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When someone mentions sexual harassment in the workplace, your first inclination is probably to think about unwelcome sexual advances from a male employee toward a female coworker. In reality, however, sexual harassment can take many forms. In some cases, you may not even realize that the actions of a coworker are actually a form of sexual harassment.
What It Is
The U.S. Equal Employment Opportunity Commission defines sexual harassment in the workplace as unwelcome sexual advances or conduct of a sexual nature that unreasonably interferes with the performance of a person's job. Sexual harassment may range from derogatory comments to inappropriate touching, and even threats of a sexual assault such as rape. While women are still considered the main target for sexual harassment by men, it can go the other way too, or even be gender-neutral. EEOC figures state that there were 6,862 sexual harassment allegations filed in 2014, and that 17.5 percent of these charges were filed by men.
What It's Not
While the actions of a coworker who occasionally tells an off-color joke may seem inappropriate for the workplace, it does not necessarily qualify as sexual harassment. Neither does joking between coworkers or a non-serious tease. The EEOC recognizes two types of sexual harassment, known as "quid pro quo" and "hostile work environment."
Quid Pro Quo
Quid pro quo is defined as a type of harassment that occurs when a person in authority, such as a boss or supervisor, makes sexual demands that are seen as a condition for an applicant or employee to get or keep a job, receive a raise or obtain a promotion. As an example, a boss could state that an applicant must perform a sexual favor in order to get a job, or he could expect an employee to put up with continuous sexual comments to get promoted. Only a single instance of this type of harassment must occur for an applicant or employee to make a claim of quid pro quo.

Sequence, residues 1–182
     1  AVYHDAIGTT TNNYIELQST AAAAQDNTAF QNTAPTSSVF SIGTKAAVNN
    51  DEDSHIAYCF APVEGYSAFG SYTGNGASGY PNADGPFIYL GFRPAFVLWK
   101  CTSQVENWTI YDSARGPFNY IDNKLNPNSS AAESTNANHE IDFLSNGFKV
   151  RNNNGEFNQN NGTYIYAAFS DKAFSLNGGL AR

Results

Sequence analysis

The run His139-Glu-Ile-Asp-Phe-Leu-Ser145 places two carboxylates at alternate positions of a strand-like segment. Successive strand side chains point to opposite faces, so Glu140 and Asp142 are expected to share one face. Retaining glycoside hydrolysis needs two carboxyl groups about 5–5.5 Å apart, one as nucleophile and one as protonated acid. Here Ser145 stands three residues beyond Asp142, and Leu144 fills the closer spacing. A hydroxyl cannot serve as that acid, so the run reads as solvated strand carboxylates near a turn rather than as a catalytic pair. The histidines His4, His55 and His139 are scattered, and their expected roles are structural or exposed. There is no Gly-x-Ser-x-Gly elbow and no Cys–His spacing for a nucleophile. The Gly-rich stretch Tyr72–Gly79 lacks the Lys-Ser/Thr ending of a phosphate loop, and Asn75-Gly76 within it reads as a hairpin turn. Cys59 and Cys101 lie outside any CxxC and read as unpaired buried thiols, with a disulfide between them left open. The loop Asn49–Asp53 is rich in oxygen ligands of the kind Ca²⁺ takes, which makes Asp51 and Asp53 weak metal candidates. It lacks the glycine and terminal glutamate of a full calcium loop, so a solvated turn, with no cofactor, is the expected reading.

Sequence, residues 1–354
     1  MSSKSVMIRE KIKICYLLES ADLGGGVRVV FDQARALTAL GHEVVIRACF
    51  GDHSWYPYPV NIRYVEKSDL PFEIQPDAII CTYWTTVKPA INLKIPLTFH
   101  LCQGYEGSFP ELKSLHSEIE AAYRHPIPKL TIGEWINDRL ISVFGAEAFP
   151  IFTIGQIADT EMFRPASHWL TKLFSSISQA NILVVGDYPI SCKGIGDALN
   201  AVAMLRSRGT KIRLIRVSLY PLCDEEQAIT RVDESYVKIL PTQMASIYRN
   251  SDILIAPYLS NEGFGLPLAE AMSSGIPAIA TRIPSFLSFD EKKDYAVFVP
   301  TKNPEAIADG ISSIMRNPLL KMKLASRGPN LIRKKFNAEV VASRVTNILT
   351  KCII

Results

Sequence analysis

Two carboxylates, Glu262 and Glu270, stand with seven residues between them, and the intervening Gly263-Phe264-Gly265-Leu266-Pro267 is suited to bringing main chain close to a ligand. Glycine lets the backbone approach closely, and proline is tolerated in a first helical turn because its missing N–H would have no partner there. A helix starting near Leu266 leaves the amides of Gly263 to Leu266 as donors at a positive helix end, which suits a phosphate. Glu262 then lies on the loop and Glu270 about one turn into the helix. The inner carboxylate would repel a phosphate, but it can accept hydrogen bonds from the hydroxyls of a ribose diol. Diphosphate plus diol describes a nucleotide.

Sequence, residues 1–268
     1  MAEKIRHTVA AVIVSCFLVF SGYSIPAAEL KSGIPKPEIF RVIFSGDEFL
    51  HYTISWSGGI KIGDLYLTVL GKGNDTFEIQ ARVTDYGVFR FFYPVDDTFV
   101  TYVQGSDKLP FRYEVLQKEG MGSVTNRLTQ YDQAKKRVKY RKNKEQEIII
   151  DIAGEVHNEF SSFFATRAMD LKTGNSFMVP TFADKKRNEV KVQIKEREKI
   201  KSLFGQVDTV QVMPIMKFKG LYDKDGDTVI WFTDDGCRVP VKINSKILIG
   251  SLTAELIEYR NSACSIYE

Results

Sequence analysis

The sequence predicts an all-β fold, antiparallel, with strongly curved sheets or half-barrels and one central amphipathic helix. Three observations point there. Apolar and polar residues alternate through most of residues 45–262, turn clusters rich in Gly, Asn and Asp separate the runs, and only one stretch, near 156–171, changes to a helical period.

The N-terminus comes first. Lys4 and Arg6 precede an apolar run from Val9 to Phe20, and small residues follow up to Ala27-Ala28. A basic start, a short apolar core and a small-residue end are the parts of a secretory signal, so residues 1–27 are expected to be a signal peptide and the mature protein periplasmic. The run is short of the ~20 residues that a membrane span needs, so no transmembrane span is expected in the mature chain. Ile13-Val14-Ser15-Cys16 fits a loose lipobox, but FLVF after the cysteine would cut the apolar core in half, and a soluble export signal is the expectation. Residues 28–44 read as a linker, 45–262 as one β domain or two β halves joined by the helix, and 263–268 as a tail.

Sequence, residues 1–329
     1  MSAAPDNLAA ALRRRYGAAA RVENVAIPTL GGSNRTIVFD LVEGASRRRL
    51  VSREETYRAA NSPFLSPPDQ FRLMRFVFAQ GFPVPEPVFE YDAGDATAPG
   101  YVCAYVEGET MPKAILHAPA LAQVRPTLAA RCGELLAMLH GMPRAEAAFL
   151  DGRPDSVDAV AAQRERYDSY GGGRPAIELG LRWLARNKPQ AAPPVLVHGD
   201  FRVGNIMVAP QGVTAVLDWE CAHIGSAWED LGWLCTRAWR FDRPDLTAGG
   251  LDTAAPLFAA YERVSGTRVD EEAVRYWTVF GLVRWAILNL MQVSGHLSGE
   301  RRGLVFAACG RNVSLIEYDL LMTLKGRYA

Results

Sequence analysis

Hostile Work Environment
A hostile work environment claim entails repeated occurrences of events that are sexually based that make the work environment intolerable, abusive or offensive. The hostile environment may involve a boss, coworker, a group of employees, or even clients and customers, such as when a male client makes repeated comments with a sexual overtone to a female worker, who finds them offensive or hostile, or when a group of male coworkers routinely post sexually suggestive pictures on a bulletin board in the break-room.
What to Do When It's Happening to You
The first step is to simply ask the person to stop the unwelcome behavior. If you fear that this may put your job in jeopardy, however, follow the procedures that your employer has in place to report this type of harassment. The National Women's Law Center suggests that you keep a written record or journal of the behavior. Note the date and time it occurred, and who was present. Make copies of performance evaluations and other documents that relate to the quality of your work before reporting or confronting the individual. The harasser may attempt to cover his behavior by blaming your accusations on receiving poor job performance reviews.
Filing a Lawsuit or Complaint
If you have taken these steps and the harassment continues, you may need to contact an attorney who specializes in workplace harassment to see what legal recourse you have available. Although state laws generally govern the conduct of companies that have 15 or fewer employees, if the company you work for has 15 or more employees, you have the option of filing a sexual harassment complaint with the EEOC.
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